project review

The end of an incredible experience in Madagascar

Review submitted by Madagascar Marine
Review date 29 Apr 2018


A lot has happened since our first update! We all passed our species tests and started BSPs, the bread and butter at Madagascar Marine! We are now all competent at performing our camp duties, rice and beans have never tasted so good! Although I’m sure everyone is very much looking forward to Christmas dinner. The rainy season has started, and after some minor alterations to the roof of the volunteer hut, everyone can stay dry for the night; thankfully the rain isn’t too frequent but when it rains it pours. There have been more new arrivals on camp since we last wrote, and after a few initial sleep related problems we are getting on like a house in fire. The end of week five saw our mid-phase trip so we all enjoyed hot showers, cold drinks and meat for the weekend, definitely good times. Last weekend however had to be the best yet, a wicked fun dive to Dandrzej’s Bommie and a cultural festival in the village! No-one was hurt though and order was swiftly restored. Overall we are all having a wicked time on camp and making the most of our last days before we sadly have to leave Manta and the amazing friends we’ve made here! It’s been an incredible experience and we’d do it all again in a heartbeat.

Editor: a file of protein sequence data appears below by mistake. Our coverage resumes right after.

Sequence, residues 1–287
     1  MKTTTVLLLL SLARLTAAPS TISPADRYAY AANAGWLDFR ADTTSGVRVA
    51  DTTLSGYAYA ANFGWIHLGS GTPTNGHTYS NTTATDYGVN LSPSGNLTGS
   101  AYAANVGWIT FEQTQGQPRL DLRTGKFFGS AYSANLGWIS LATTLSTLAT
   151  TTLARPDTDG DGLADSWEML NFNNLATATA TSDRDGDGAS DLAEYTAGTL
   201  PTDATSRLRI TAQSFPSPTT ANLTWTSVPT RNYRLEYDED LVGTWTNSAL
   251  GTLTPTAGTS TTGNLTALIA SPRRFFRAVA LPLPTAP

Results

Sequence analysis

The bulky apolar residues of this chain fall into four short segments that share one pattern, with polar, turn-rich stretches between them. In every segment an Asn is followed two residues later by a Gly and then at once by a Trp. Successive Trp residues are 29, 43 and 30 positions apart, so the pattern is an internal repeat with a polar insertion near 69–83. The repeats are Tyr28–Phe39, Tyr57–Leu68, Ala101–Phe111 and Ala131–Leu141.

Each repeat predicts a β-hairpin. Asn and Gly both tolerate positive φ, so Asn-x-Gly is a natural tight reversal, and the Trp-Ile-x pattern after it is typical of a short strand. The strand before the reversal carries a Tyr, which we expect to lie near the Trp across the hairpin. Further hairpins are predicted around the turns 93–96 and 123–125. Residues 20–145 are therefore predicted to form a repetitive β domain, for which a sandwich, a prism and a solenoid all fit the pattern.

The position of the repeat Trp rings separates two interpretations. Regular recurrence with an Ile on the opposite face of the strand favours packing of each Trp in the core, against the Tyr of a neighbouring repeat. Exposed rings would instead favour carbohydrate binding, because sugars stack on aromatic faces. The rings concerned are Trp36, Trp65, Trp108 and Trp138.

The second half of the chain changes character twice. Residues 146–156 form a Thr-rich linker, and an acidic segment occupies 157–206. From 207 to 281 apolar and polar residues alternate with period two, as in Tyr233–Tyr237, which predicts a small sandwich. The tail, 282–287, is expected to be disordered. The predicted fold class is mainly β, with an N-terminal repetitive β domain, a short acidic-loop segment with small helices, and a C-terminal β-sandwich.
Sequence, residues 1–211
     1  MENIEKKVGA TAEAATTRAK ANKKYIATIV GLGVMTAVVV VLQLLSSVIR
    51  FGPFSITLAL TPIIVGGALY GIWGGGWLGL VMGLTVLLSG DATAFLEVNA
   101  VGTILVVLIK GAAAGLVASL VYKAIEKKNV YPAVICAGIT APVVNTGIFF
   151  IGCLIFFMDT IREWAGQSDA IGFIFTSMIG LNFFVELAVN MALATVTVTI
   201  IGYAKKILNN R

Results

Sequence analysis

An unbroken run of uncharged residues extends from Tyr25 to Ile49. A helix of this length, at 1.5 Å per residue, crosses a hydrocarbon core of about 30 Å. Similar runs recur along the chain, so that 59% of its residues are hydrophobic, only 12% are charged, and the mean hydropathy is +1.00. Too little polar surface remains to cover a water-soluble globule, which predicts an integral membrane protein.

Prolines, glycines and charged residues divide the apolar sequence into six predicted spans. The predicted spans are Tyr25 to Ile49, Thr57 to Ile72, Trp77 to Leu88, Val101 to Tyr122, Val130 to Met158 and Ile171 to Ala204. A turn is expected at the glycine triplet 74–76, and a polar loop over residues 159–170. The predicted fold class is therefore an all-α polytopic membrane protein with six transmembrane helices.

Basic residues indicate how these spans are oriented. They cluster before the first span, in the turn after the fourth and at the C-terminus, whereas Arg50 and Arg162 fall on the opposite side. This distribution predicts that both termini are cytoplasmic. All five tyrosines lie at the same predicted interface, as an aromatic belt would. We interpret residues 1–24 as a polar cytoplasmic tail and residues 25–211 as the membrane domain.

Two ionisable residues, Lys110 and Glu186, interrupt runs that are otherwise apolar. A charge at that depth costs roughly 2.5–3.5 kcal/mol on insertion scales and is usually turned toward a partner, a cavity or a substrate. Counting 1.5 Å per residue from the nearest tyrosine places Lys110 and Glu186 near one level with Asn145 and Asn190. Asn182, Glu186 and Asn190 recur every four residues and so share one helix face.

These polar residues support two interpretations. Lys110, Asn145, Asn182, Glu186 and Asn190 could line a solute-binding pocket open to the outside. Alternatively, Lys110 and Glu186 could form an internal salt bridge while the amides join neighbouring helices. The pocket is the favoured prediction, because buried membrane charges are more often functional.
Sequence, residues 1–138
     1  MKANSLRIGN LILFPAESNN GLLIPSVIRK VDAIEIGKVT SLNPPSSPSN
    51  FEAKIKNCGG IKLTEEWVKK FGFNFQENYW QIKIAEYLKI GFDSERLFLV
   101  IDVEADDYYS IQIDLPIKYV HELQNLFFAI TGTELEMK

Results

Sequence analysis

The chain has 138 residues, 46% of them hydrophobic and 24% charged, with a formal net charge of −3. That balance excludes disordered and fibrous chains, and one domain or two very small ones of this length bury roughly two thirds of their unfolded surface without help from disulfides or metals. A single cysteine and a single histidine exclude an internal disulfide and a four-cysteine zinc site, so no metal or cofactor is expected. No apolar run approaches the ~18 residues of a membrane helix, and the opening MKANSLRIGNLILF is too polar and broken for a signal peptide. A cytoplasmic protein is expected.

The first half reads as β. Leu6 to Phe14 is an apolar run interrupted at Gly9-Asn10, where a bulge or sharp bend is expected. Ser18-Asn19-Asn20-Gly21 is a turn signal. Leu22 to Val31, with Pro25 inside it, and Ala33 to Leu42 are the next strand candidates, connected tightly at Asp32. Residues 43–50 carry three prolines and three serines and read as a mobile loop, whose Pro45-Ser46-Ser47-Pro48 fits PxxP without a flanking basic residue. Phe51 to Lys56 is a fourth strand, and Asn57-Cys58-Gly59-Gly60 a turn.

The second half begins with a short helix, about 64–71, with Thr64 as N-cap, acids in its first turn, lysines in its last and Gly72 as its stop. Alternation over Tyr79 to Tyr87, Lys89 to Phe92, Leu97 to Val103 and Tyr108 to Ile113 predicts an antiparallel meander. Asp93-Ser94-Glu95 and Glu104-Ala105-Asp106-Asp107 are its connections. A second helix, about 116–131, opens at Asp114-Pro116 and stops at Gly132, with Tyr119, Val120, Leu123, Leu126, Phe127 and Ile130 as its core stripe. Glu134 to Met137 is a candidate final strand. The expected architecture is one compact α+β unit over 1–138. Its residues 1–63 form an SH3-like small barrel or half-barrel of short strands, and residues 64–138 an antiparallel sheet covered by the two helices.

Science Update

So, we have come to the end of the phase! Once again, this phase has left nobody disappointed.  As well as completing our quota of BSPs for the phase (bringing our total once again into the 50s), we have also managed to fit in several other aspects of field work over the latter weeks of phase.  The mangrove mapping project has been extended to the Sector 4 stand and the final quarterly survey of the seagrass bed in front of camp was completed.

The highlight of the phase, once again, was a satellite camp to Sakalava Bay, a few miles down the East coast of Madagascar from the mouth of the bay.  Here, despite there being very little reef to survey, all staff and volunteers enjoyed a refreshing break and the thrill of exploring outside of the confines of Diego Bay.

The relaxation was short-lived, however, when on return to camp the volunteers worked hard to produce an impressive array of verbal presentations for their BTEC qualifications.  This really consolidated everything they had learned during their stay on camp and showed how much they have all progressed in their understanding of the issues surrounding marine conservation and the research we are conducting out here.

Alongside MGM project work, staff personal projects are all progressing well with the introduction of a soft coral propagation project and completion of long-term fisheries studies.  Roll on the next phase for a new bunch of keen assistants to help us continue this exciting work!

Find out more about the Madagascar Marine Conservation and Diving project